Like A Dragon: Ishin! - Review in Progress
There was a time not long ago that most Yakuza fans presumed 2014’s Like A Dragon: Ishin! would never make it to the West. Nearing 9 years old, its increasing age compounded with fears it’s Late Edo Period setting wouldn’t capture audiences outside of Japan seemed insurmountable, despite exploding interest in the Kazuma Kiryu saga from 2015 onward. After a deluge of remakes, remasters and localisations over the past several years, the day has finally come for Like A Dragon: Ishin! to grace gaijin consoles and PC’s as an enhanced Unreal Engine 4 remake.
One of two spin-offs set in earlier periods of Japanese history (the other being Kenzan, a 2008 release which would require vastly more work to update for current console generations), Ishin! takes place during the Bakumatsu period of 1853 to 1867 which saw major upheaval to Japanese society including the end of sakoku (the closure of Japan to outsiders) and the final days of Shogunate rule. Leveraging such an exciting historical period allows Ishin! to deliver the drama and action players expect of the series, maintaining many familiar elements whilst recontextualising them to this new setting.
Ishin! focuses on protagonist Sakamoto Ryōma, a fictionalised version of a historical figure who played a prominent role during the period setting of the game and herein closely resembles Kazuma Kiryu rather than his real-life counterpart. Within the first hour of the story, Ryōma is forced to flee his hometown in Tosa to the city of Kyo (modern day Kyoto) where he is dragged further into loyalist plots to overthrow the shogunate whilst also seeking revenge for a personal tragedy. My initial worries that Ishin! would indeed be too far removed from the rest of the Yakuza/Like A Dragon series were allayed within the first few chapters; despite the shift in setting, this is still very much the experience fans are looking for.
It’s quite pleasing how intact the general flow and abundance of side activities which populate many of the Yakuza games remain in Ishin!, none feeling tacked on or inferior while some seem enhanced by the period setting in which instances of lawlessness and conflict feel more likely to have happened as a daily occurrence than they do on the streets of modern-day Japan. Any plot confusion in the player caused by unfamiliarity with the many cultural and historical aspects of Ishin! are handily smoothed over by an in-game glossary which explains certain terms and concepts via an extra text window during dialogue and remains an option throughout no matter how many times it has appeared prior.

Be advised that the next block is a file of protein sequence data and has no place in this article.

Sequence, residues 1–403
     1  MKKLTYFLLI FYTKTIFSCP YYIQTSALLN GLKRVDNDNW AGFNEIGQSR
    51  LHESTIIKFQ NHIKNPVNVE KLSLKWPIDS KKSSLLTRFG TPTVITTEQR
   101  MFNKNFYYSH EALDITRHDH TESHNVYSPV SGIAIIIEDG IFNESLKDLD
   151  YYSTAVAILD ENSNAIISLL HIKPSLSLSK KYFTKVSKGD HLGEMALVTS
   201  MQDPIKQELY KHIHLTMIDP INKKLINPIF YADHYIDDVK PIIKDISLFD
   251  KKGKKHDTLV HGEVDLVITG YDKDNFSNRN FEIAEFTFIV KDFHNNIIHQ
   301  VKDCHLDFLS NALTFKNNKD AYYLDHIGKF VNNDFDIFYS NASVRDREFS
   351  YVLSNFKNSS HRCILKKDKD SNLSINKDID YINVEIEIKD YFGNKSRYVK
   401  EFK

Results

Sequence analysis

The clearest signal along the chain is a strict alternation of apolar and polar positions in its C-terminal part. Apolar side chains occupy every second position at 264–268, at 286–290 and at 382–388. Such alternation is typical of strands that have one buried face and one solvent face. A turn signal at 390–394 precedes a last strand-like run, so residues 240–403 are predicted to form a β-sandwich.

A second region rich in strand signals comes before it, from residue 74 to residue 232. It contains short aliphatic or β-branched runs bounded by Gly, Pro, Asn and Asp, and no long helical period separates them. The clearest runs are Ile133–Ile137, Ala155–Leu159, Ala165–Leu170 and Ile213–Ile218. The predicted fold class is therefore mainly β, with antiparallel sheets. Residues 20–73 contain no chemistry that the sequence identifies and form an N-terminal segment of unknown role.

Unlike mains series Yakuza entries which tend to focus solely on hand-to-hand combat styles, Ishin! not only encourages but requires the use of period appropriate weapons such as katana, pistols, spears and cannons. Four combat styles are available to Ryōma and each is suited to the differing types of encounters the game throws at the player. Starting with the bog-standard Brawler style, players will quickly expand to Swordsman, Gunner and the final, Wild Dancer which combines sword and gunplay with dizzying results. Using a fighting style will increase Ryōma’s efficacy in it and unlock coloured orbs, which slot into a circular maze-like path housing the upgrades, skills and abilities of each respective style. Alongside the coloured orbs, players also earn a grey ‘wild’ version which slot into any wheel. These can help bridge gaps in a style that has gone underutilised but may become key to a certain enemy or boss, however it’s both beneficial and engaging to be shifting between fighting styles, especially early on when their individual movesets are rather limited. Some weapons and techniques are locked behind story and side content, one minor frustration being that it isn’t always immediately clear what a player needs to do or where they need to go to gain access.
As with every other Yakuza/Like A Dragon title, it’s quite possible to ‘mainline’ the story, a move that any afficionado of the series would say is losing out on what of makes these worlds a joy to explore. Activities and substories are scattered all over the progressively larger maps of Ishin!’s world, providing much of the character building for Ryōma and making Kyo a much richer environment. Whether it’s fishing, trying to deflect cannonballs with a katana in lieu of baseball practice, providing backup vocals for a local singer or finally (FINALLY!) endeavouring to learn mah-jong, the mini-games in Ishin! hold up against those in many of its predecessors. Similarly the substories still house much of the games quirky sense of humour, no doubt aided in part by a winking localisation which leans into the drama and comedy in equal measure. I think many fans would agree that it’s this willingness of the series to not take itself too seriously in parts that juxtaposes strongly with many of the more emotive sequences in the game to heighten the impact on the audience and elevate the material overall from what would rightly be considered soap/pulp otherwise.
Like A Dragon: Ishin! has its hooks in me without a doubt and is an easy recommendation for anybody who has enjoyed the Yakuza or Judgment games in the past, feeling more like a variation of the formula over something wholly new. At roughly 1/3 of the way through, I’m excited to continue experiencing Ryōma’s story and providing a full review in the near future for Player2.